Skip to main content
car review

The 2023 Genesis GV60 has a much different look than its sablemates, the Hyundai Ioniq 5 and Kia EV6.Mark Richardson/The Globe and Mail

There are a few party tricks with the all-new, all-electric Genesis GV60 that you won’t find on the Hyundai Ioniq 5 or the Kia EV6, with which it shares its platform – suggesting this is much more than badge engineering.

The first, and most obvious? This is the first car I’ve ever driven that did not require me to carry the key or its encrypted details in my smartphone. Once you’ve set your information in the car’s secure computer, the doors will open with three-dimensional face recognition from a camera in the outside door pillar. The motor will start with fingerprint recognition from a sensor on the console. There are two key fobs, but you can leave them in a drawer at home.

(You can expect to find this technology on most cars within a few years. It’s already on most smartphones, after all. The camera recognizes dimensions, so it doesn’t matter whether you grow a beard or wear sunglasses or makeup, and you can’t fool it with a photograph.)

The second is the elegant crystal sphere in the console that flips over when the motor is active to become a large transmission dial, for setting Drive or Reverse or Park. More important, it flips back to become just a sphere, lit with an interior laser beam, when the motor is shut down. It’s hard to tell whether an electric car is turned on or off – there’s no vibration or noise either way – so the sphere is a graceful confirmation.

And then a third, once you’re actually moving down the road, is the boost button on the steering wheel. This only comes on the more expensive Performance model, but it’s the electric equivalent of the booster buttons on Porsches. Press it and you get 10 seconds of maximum power.

The Genesis GV60 has a sleek profile, clamshell hood and signature two lines for its lighting at front and back.Mark Richardson/The Globe and Mail

Basically, it sends gobs of extra battery power to the motors that would be unsustainable for too long, but works just fine for those 10 seconds when overtaking or trying to impress friends. Genesis says the boost button allows for 360 kilowatts, or around 483 horsepower; I ran two standing starts in opposite directions and accelerated to 100 kilometres an hour in less than four seconds each way. It’ll push your eyeballs back and keep on going like a spaceship in hyperdrive.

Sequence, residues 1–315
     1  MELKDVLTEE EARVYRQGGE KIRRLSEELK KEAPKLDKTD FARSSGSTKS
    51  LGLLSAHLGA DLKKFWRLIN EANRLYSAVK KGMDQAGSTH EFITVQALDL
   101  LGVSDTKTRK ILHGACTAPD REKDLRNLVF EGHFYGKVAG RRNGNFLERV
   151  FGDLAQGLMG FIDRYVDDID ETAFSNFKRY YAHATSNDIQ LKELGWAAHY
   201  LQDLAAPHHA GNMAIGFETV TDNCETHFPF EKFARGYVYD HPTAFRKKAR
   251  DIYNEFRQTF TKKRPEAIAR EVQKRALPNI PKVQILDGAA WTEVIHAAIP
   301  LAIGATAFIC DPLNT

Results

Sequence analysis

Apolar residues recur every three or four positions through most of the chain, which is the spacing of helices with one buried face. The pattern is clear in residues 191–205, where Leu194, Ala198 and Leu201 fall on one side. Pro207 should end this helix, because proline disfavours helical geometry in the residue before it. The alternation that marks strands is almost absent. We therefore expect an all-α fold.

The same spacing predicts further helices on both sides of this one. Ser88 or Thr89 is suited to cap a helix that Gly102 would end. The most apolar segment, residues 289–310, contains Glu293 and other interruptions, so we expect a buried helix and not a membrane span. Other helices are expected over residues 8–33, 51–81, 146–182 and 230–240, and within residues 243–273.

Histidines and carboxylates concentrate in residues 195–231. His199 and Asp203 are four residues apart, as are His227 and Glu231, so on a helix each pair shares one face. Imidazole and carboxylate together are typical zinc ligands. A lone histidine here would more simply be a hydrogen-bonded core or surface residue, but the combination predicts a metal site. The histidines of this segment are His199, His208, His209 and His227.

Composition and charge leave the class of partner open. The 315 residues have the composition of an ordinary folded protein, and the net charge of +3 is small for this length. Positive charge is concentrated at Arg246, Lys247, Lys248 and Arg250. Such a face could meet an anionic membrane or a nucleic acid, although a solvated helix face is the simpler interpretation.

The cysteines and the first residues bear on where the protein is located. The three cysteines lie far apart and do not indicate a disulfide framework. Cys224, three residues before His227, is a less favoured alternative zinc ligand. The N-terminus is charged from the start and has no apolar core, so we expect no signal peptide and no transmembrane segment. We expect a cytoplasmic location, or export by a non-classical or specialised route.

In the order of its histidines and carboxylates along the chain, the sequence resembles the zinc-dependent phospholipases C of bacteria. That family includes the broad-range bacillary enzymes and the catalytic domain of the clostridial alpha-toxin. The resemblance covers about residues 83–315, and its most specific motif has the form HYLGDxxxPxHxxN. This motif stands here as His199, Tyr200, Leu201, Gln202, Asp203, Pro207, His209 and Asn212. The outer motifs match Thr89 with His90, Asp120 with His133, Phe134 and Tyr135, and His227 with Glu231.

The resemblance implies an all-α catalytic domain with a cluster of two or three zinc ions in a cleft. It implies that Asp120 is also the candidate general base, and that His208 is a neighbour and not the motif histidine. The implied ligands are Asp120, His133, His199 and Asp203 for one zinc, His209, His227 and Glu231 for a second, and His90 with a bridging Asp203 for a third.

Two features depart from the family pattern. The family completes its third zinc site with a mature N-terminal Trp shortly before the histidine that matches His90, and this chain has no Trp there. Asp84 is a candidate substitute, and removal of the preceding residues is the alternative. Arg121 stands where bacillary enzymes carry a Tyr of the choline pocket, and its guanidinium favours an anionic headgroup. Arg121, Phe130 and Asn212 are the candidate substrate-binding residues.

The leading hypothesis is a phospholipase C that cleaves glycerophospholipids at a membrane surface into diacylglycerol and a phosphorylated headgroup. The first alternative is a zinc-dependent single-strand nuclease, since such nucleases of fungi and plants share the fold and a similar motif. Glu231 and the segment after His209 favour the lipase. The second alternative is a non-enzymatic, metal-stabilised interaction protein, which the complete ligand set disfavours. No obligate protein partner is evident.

But these features on this impressive car come at a cost. There are just two versions – the Advanced, which costs $71,000, and the Performance, which costs $79,000. There won’t be any rebates from any level of government at those prices, but they’re inclusive of everything except taxes – even five years of basic maintenance and concierge delivery is included in the price. And compared with its competition from Tesla and the German makers, it’s actually reasonable.

If you can afford one and are daunted by a two-year wait for an Ioniq 5 or EV6, which both start a hair less than $45,000, you can probably collect a GV60 within a year if you buy now. About 1,500 Canadians have so far put down refundable deposits, sight and price unseen, and that’s about a year’s supply, says the company.

I had expected the GV60 to be a gussied-up version of its Hyundai and Kia stablemates, but it’s distinct. It looks different, with a sleek profile, clamshell hood and signature double horizontal lines for its lighting at front and back. Some might call it a hatchback, though Genesis calls it a “coupe CUV,” despite its four doors.

Some might call the GV60 a hatchback, though Genesis calls it a 'coupe CUV,' despite its four doors.Mark Richardson/The Globe and Mail

The platform itself is the same, with similar dimensions to those two all-electric SUVs, but the all-wheel-drive Genesis can be considerably more powerful. The Advanced version has a 74-kilowatt motor at the front axle and a 160-kilowatt motor at the rear, similar to the all-wheel-drive editions of the other South Korean cars, but the Performance version has 160-kilowatt motors on both axles.

Its range suffers for that extra power and weight, though not by much. The claimed maximum range, on a warm day, for the Advanced is 399 kilometres, and the Performance is 378. Some will consider those distances inadequate, especially compared to the 500-plus kilometres of most Teslas, but their practicality depends on your actual daily driving needs.